WWE 2K’s New Executive Producer Answers Fan Questions

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WWE 2K’s New Executive Producer Answers Fan Questions


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WWE 2K’s new executive producer Patrick Gilmore is trying to build a stable relationship with fans and has been actively involved in conversation with players of the franchise. We reported a few weeks ago on the most requested changes to the series that was revealed online by Patrick.

An AMA was recently completed on reddit that was hosted by Patrick where he took the time to answer fan’s questions about the series. Anything was fair game although Gilmore was strategic about which questions he answered and how he answered them. Take a look at some of the questions and answers below:

Why doesn’t WWE 2K do monthly updates to the game similar to NBA 2K?

My most recent experience is from a more “game as a service,” model, where the game is always live, and updates are constant. I think it’s a great way to develop. I would say that it’s part of the long term franchise vision to move in that direction, but it’s not something that can happen overnight. Internally, we talk obsessively about being more current with new superstars, gimmick changes and so forth. The main thing I can commit to is ongoing improvement!

What are some aspects of gameplay overhaul that the WWE 2K team is working on?

Core gameplay is one of the major investments we’re making in the next installment—one of six pillars we are focused on disproportionately in development. We are looking at much-loved previous games like No Mercy or Smackdown: Here Comes the Pain, along with top franchise installments, and more modern wrestling and fighting games to build an all-new philosophical foundation for the game. People who hope that we holistically adopt the control scheme or philosophy from one of their favorite games are likely to be disappointed; we are trying to combine the best ideas out there into a brand new wrestling experience that sets a new standard. The game play team is focused on Accessibility, Depth and Wrestling Experience. For Accessibility, we’re obsessed with a simple, intuitive interface which has meaning and depth in a wide variety of contexts—i.e. the game is a lot smarter about what the player is trying to do given a gameplay situation (in a grapple, on the ropes, against a turnbuckle, etc.), with consistent inputs regardless of situation. New players should be able to accidentally pull off awesome moves just by playing with and experimenting with controls. For Depth, we’re looking a lot at ring position, deeper combos and “working” moves, limb damage, technical capabilities, match momentum and unlocks, and rock-paper-scissors (RPS) strategies by archetype and player style. Depth doesn’t come from the manual skill of pressing the proper buttons but from the psychological game of anticipating and countering your opponent’s strategy, and this needs to be built in from the very foundation, so expect a significant evolution in gameplay with the next installment.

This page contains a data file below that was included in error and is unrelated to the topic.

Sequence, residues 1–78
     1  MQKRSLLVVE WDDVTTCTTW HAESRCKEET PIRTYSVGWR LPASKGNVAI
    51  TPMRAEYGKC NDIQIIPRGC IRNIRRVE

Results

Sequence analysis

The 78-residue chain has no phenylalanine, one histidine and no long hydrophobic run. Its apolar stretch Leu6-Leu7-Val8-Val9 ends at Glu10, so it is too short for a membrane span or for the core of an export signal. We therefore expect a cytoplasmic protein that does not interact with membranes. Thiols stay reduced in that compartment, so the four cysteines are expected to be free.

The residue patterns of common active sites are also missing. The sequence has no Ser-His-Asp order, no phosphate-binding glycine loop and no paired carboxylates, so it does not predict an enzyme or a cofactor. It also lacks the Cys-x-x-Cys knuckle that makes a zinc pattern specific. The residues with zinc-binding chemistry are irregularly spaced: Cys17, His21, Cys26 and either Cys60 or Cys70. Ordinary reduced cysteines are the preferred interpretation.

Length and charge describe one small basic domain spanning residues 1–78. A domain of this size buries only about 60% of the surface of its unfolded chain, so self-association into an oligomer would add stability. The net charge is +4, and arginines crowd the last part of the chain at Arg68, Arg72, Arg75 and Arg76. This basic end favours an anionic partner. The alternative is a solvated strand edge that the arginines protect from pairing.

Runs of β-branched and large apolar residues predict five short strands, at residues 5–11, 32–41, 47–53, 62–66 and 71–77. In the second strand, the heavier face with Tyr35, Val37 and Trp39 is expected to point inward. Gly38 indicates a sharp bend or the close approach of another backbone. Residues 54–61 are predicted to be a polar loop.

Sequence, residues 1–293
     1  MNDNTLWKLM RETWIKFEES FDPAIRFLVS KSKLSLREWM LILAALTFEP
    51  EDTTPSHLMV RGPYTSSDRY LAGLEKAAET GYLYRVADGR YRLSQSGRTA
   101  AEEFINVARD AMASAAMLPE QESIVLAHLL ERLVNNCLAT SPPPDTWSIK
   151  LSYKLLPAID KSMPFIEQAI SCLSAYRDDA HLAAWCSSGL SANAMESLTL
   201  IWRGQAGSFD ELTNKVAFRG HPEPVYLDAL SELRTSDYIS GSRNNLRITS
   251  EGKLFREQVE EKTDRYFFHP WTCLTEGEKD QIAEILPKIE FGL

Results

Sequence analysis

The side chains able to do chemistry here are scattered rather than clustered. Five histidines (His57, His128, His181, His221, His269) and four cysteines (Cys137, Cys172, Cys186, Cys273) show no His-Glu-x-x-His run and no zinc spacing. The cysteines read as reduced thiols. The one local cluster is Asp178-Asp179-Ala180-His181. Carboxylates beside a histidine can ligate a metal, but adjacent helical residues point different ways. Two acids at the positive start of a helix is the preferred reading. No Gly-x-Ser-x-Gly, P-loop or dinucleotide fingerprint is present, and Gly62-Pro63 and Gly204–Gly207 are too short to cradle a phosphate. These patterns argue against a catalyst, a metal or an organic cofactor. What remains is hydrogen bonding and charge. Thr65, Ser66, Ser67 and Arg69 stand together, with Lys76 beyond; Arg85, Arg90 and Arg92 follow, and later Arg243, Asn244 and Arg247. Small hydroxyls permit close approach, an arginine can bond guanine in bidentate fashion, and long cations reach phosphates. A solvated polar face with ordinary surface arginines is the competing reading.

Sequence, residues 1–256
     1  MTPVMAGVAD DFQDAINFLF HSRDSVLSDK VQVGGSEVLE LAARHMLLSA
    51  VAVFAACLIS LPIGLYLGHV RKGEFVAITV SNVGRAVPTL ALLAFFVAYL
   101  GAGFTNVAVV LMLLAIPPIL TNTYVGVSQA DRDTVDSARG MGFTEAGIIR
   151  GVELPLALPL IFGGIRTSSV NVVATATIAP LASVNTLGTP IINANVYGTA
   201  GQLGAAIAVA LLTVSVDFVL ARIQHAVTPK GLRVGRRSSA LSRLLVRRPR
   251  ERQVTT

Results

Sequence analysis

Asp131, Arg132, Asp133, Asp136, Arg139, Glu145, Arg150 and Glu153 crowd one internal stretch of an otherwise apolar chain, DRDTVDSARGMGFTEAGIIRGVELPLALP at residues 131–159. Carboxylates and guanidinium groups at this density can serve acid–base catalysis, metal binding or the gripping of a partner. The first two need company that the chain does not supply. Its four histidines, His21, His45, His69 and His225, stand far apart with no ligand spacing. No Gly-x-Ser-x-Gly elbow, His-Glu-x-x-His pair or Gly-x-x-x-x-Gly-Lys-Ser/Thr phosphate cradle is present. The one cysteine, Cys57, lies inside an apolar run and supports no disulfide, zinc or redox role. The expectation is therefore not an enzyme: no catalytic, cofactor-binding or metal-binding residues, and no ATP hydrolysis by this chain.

Will there be any additional updates to 2K19 or 2K20 while fans wait the next installment?